Utilize este identificador para referenciar este registo: http://hdl.handle.net/10400.18/1824
Título: Bacterial biofilms, antibiotic resistance and healthcare-associated infections: a dangerous connection
Autor: Bandeira, Maria
Carvalho, Patrícia
Duarte, Aida
Jordão, Luísa
Palavras-chave: Biofilm
Healthcare Assotiated infections
Infecções Respiratórias
Data: Dez-2013
Editora: Sociedade Portuguesa de Microbiologia
Citação: Abstract Book for "Microscopy in Research 2013": Life Sciences: Oral 3
Resumo: In 2012, were estimated 6.7 million cases of healthcare-associated infections (HAI) either in long-term care facilities or acute-care hospitals from which result 37,000 deaths configuring a serious public health problem [1]. The etiological agents are diverse and often resistant to antimicrobial agents. One of the mechanisms responsible for the emergence of drug resistance is biofilm assembly. Biofilms are defined as thin layers of microorganisms adhering to the surface of a structure, which may be organic or inorganic, together with the polymers that they secrete [2]. They are dynamic structures which experience different stages of organization with the ageing and are linked to an increase in bacterial resistance to host defense mechanisms, antibiotics, sterilization procedures other than autoclaving, persistence in water distribution systems and other surfaces. The understanding of bacteria organization within the biofilm and the identification of differences between planktonic and sessile forms of bacteria will be a step forward to fight HAIs. Bacterial isolates were grown in adequate medium. Antibiotic susceptibility was evaluated by broth microdilution method and interpreted according to NCCLS guidelines. A similar assay was performed to evaluate biofilm susceptibility to antibiotics. Bacteria ability to assemble biofilms was assayed by the microtiter-plate test [3] being tested in both abiotic (materials present in healthcare units) and biotic (Hella cells) surfaces. The biofilm structure was assessed by scanning electron microscopy (SEM) in either backscattered electron diffraction or secondary electrons mode. The kinetic of biofilm assembly depends on bacteria growth rate, incubation temperature and medium. Furthermore, the SEM analysis of planktonic and sessile forms of the same bacteria allowed the identification of structural differences which may be involved in virulence (Fig. 1). Bacteria ability to assemble biofilms seems to be independent of the abiotic structure (Fig.2). The same is not observed in biotic surfaces. This fact suggests that biofilm assembly in vivo is dependent of bacteria tropism. The minimum inhibitory concentration (MIC) determine for bacteria organized in biofilms is higher than for their planktonic forms. The increase ranges from 2 to 200 folds and is proportional to the ability of bacteria to assemble biofilms. Further studies will be conducted in order to prevent biofilm assembly within healthcare units which will result in a decrease of HAI and emergence of antibiotic resistant bacteria.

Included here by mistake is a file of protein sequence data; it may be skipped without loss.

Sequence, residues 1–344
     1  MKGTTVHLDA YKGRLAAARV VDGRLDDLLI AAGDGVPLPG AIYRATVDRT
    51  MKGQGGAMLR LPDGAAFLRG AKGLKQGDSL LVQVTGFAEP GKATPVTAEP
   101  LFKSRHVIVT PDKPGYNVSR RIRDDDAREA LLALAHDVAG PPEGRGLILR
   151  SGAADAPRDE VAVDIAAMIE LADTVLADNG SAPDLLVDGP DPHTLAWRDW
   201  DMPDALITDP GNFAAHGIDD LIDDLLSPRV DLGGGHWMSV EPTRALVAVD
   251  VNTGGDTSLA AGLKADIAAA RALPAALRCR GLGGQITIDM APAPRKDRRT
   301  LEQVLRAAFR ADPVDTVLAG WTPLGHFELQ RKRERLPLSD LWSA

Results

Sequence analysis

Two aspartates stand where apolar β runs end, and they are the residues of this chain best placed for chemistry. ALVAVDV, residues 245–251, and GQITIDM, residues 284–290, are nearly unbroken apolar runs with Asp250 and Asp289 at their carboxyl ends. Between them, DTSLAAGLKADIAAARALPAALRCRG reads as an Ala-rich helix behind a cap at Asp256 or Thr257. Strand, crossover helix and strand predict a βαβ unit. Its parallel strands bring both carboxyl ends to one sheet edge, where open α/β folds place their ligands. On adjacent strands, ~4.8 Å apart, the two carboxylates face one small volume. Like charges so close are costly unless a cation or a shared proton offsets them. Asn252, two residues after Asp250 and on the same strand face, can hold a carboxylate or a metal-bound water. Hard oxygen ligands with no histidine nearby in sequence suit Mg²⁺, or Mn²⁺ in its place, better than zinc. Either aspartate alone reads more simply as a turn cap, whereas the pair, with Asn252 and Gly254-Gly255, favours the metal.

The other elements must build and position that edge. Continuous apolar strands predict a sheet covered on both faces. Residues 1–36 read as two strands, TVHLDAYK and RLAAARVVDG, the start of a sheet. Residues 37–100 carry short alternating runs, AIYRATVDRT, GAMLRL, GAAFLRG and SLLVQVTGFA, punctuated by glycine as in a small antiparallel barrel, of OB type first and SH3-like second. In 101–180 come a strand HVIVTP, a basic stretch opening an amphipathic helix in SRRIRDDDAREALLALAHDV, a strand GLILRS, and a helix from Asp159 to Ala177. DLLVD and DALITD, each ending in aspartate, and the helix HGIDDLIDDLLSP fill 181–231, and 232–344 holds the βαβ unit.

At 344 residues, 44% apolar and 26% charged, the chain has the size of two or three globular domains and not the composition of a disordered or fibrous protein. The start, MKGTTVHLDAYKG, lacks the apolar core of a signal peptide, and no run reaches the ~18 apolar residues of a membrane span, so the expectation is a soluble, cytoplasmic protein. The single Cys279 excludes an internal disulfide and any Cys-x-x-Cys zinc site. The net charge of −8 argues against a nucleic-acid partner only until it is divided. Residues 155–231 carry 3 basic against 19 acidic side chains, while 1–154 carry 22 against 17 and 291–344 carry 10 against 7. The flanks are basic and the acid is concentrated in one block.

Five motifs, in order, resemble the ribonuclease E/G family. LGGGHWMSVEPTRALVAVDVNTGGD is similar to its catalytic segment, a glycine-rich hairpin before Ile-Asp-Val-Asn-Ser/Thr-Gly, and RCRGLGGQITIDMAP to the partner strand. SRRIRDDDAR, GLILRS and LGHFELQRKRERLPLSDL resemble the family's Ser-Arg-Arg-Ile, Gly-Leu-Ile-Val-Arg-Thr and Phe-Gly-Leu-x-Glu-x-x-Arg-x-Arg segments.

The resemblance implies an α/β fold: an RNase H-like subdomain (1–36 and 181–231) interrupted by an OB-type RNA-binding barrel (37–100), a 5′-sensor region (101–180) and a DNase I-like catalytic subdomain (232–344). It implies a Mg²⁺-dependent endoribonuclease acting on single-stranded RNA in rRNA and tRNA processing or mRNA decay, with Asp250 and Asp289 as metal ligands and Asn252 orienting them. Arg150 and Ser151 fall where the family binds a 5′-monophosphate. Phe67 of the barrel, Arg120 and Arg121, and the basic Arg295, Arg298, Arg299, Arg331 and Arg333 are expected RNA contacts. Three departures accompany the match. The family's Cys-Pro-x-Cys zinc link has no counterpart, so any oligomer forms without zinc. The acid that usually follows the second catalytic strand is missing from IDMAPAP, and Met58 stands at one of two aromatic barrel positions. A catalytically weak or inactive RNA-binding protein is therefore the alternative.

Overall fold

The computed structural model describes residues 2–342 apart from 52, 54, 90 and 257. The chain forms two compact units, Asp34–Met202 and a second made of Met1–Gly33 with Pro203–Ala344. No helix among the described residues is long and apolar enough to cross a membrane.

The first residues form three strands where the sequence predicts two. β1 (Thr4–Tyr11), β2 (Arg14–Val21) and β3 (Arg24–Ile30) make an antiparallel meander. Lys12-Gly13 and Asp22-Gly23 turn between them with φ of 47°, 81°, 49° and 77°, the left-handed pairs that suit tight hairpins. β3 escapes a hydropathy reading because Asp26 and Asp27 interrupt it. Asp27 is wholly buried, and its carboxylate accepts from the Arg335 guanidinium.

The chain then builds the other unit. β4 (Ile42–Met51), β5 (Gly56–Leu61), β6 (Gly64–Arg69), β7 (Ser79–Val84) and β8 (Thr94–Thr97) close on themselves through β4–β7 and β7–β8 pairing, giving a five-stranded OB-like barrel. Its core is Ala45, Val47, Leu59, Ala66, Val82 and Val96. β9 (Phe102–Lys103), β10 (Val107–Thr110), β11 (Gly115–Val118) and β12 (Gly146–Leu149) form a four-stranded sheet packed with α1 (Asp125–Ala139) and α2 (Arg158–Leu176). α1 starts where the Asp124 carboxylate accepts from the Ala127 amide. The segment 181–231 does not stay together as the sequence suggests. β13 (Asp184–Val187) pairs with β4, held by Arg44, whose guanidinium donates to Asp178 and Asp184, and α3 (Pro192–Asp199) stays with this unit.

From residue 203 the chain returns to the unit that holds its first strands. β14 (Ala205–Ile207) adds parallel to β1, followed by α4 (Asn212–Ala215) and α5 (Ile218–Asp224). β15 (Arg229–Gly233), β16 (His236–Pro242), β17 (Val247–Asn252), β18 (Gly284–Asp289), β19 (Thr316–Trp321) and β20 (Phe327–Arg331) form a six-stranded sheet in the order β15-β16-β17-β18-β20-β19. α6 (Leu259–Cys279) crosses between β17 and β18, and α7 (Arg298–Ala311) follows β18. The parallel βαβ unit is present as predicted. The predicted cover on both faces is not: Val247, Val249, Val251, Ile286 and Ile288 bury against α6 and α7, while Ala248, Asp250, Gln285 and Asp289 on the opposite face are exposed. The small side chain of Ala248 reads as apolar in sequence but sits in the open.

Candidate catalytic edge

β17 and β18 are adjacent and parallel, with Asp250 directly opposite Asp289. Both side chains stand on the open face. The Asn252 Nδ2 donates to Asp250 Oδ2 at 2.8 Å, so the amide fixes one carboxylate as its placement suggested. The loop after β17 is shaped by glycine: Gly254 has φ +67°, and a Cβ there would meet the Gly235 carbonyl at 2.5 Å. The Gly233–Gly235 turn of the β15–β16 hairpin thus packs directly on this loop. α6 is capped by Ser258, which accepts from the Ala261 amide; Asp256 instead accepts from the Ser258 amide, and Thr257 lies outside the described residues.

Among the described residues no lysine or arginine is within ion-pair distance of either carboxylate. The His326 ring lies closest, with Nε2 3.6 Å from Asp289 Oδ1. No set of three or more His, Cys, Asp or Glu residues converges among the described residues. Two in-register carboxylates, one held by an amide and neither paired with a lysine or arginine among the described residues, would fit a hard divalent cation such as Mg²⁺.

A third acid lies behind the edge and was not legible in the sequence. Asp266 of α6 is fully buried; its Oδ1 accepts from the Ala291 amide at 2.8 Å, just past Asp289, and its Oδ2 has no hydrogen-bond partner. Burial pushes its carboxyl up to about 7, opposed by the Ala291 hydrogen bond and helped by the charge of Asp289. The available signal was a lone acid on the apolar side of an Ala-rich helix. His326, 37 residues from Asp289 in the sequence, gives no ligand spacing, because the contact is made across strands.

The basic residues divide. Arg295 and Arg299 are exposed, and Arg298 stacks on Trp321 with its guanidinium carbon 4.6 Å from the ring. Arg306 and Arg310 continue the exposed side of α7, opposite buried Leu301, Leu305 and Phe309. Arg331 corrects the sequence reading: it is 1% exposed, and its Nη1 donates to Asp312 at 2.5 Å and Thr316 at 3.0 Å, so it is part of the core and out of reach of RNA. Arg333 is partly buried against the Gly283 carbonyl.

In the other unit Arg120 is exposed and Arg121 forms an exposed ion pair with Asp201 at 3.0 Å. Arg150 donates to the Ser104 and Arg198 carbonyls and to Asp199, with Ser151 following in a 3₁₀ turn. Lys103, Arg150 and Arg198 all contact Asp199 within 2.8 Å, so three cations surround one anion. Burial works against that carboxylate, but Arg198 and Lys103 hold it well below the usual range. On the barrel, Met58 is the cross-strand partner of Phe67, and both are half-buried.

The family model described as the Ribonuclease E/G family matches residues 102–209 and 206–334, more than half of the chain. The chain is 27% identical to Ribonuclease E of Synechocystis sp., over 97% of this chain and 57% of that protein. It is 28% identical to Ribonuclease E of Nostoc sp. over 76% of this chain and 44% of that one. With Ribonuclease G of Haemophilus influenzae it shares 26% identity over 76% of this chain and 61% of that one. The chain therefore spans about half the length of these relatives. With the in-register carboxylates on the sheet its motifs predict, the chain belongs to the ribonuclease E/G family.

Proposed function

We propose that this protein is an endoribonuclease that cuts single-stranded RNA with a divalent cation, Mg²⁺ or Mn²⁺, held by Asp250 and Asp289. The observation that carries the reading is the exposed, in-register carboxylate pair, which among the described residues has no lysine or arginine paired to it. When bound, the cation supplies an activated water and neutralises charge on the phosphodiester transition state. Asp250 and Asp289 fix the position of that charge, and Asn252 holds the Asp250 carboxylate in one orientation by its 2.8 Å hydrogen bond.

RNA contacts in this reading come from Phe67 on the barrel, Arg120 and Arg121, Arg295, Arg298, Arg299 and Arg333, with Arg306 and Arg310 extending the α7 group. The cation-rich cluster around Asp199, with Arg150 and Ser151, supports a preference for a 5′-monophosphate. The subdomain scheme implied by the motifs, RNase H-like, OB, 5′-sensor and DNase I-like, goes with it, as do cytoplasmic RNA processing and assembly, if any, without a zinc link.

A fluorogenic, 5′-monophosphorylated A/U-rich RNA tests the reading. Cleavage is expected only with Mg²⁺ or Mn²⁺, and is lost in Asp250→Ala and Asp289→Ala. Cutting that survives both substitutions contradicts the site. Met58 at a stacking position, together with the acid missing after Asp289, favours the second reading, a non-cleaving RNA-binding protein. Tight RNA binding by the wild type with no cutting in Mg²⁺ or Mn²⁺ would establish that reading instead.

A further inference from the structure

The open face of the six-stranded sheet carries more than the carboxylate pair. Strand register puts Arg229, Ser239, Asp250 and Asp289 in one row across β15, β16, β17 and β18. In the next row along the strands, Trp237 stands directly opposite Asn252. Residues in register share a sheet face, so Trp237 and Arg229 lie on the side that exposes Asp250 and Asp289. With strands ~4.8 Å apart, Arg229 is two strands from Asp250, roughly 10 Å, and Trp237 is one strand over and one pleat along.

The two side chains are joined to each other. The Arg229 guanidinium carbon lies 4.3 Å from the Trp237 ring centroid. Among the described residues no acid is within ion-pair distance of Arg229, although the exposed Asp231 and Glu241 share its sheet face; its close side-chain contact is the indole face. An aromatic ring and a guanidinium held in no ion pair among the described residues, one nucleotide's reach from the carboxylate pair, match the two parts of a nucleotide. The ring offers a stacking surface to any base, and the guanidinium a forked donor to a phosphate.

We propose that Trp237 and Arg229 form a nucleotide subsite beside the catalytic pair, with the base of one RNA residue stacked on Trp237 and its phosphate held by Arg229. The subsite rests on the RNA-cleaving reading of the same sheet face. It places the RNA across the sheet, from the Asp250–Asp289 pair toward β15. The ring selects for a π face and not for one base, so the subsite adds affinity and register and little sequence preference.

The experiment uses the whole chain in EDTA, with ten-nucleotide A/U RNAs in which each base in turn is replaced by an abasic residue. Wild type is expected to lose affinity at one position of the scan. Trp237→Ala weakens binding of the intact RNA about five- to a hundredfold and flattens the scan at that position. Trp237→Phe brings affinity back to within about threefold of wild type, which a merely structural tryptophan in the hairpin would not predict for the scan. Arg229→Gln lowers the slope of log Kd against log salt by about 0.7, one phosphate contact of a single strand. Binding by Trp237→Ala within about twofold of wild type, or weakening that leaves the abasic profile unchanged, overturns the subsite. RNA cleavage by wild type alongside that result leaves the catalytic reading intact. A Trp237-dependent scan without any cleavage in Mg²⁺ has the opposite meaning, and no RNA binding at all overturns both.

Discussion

Peer review: yes
URI: http://hdl.handle.net/10400.18/1824
Versão do Editor: https://www.dropbox.com/s/p8caly2lg23vacy/abstracts2013c.pdf
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